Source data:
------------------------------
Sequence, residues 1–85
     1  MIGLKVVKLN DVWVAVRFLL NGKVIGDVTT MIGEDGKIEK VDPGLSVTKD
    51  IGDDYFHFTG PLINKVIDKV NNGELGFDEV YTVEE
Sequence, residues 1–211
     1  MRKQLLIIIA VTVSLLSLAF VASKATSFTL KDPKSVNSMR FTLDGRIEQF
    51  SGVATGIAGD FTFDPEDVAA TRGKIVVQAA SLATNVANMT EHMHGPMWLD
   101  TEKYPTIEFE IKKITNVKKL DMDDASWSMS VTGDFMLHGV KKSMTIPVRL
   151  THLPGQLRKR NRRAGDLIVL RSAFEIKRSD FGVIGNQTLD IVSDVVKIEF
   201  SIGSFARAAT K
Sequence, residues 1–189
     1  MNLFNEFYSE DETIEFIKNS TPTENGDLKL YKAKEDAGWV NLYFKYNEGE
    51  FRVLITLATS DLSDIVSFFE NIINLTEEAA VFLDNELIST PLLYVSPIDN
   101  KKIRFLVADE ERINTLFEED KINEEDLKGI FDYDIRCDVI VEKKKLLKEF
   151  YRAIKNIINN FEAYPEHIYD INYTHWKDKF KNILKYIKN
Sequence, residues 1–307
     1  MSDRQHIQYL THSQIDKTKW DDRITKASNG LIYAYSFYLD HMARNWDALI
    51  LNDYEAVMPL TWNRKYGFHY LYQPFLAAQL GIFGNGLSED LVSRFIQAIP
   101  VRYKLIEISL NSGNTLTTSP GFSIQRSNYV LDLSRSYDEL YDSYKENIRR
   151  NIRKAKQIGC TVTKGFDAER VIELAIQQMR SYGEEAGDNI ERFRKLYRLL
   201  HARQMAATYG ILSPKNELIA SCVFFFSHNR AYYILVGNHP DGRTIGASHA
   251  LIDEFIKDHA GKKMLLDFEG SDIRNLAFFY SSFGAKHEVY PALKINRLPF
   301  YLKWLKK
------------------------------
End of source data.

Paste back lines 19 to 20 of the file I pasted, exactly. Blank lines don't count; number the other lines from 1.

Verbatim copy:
   151  NIRKAKQIGC TVTKGFDAER VIELAIQQMR SYGEEAGDNI ERFRKLYRLL
   201  HARQMAATYG ILSPKNELIA SCVFFFSHNR AYYILVGNHP DGRTIGASHA